Kinzua Trestle, Pennsylvania


Hamburg, United States

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Mt. Jewett, McKean County, NW Pennsylvania.

The Kinzua Railroad Trestle was built in 1882, to carry trains ferrying coal across the deep Kinzua Gorge. General Thomas Kane, president of the New York, Lake Erie & Western Railroad & Coal Company hired famed engineer Octave Chanute to build this marvel, & it was completed in just 94 days. The original structure was constructed of wrought iron ‘Phoenix Columns’. It was the highest (301 feet [92 m]) & longest (2052 feet [625 m]) bridge in the world for several years until that honor was conferred upon the Lethbridge, Alberta, CPR (Canadian Pacific) trestle at 314 feet (95.7 m) in height & 5327 feet (1624 m) in length, built between 1907 & 1909.

Around 1900, it was determined that the ironwork construction of Kinzua was inadequate to handle the heavier trains that were coming into use, & the bridge was rebuilt using steel towers. The bridge continued in use until 1959, & in recent years, it was a high point, literally & figuratively, on an excursion route which thrilled passengers as they rode behind a lighter-weight Chinese-built steam locomotive operated by the Knox and Kane Railroad. Trips across the trestle were suspended when it was determined that a major restoration job was needed, & a $12 million project began. In the midst of this, disaster struck. An F-1 tornado ripped through the Kinzua Gorge on 21 July, 2003. The following is from the ‘Skywalk’ brochure:

‘Bridge designer C. R. Grimm predicted his creation would last 100 years. And he was right. Grimm’s design used roller expansion bearings where the tower legs were anchored to the masonry foundation piers. This design allowed lateral expansion of the tower legs under temperature loading. But his failure to replace the original 1882 anchor bolts would have catastrophic consequences.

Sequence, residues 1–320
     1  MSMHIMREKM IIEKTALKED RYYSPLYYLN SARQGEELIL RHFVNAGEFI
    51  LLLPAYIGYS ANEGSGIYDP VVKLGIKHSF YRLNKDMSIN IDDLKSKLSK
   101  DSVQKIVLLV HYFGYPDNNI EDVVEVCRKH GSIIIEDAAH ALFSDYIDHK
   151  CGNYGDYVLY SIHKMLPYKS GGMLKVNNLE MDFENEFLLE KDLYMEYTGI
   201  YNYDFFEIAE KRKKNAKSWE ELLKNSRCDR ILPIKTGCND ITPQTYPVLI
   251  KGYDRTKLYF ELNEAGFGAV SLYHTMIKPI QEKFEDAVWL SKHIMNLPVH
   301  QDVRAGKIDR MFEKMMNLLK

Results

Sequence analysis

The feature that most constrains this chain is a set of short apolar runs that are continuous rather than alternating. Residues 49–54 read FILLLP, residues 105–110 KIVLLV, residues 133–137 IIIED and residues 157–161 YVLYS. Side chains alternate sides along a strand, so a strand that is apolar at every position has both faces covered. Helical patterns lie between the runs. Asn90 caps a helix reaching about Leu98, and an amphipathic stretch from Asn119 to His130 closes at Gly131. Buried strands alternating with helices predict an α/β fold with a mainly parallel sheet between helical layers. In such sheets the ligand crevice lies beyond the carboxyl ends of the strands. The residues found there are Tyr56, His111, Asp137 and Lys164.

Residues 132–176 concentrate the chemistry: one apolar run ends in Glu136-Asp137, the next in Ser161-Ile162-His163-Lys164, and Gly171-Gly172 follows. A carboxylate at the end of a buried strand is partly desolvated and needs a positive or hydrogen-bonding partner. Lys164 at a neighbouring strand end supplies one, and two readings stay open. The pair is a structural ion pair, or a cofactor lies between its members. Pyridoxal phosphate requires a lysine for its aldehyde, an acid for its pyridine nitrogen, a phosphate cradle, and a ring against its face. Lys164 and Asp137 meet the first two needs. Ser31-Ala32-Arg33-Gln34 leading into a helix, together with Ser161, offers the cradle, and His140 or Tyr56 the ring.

‘[On July 21, 2003]… workers decided to call it a day when the sky went black and the winds rushed in. A tornado tore through the forest heading straight for the Viaduct. Hundreds of trees were ripped from their roots and 11 of the bridge’s 20 towers were lifted, twisted and thrown onto the valley floor. Six towers remained standing on the south end; only three towers remained upright on the north end.
‘Engineers later confirmed that winds attacked from three directions. The original 1882 anchor bolts and collar coupling assemblies, which mated the old bolts to the later 1900 construction, had failed.
’Within 30 seconds, nature had brought the mightly span to its knees.’

In September of 2011, the ‘Skywalk’ was opened to the public. A real labor of love, this; it uses the remaining six towers at the south end to support a long platform, complete with tracks, & the views are magnificent, to put it mildly. The Commonwealth of Pennsylvania maintains a park at that end, & among the startling sights are the remains of the twisted steel towers that Mother Nature dumped unceremoniously into the gorge. I here use a MUCH overworked word to describe this sobering vision ~ awesome.

Much more can be seen by Googling Kinzua Trestle, including, for the truly interested, a couple of superb videos detailing the history & construction. Also take a look at Vickie Emms & her fine shot of the Lethbridge Trestle.

Another view here.
A shot showing the debris left behind by the storm can be seen here.
Photo taken 4 October 2012.

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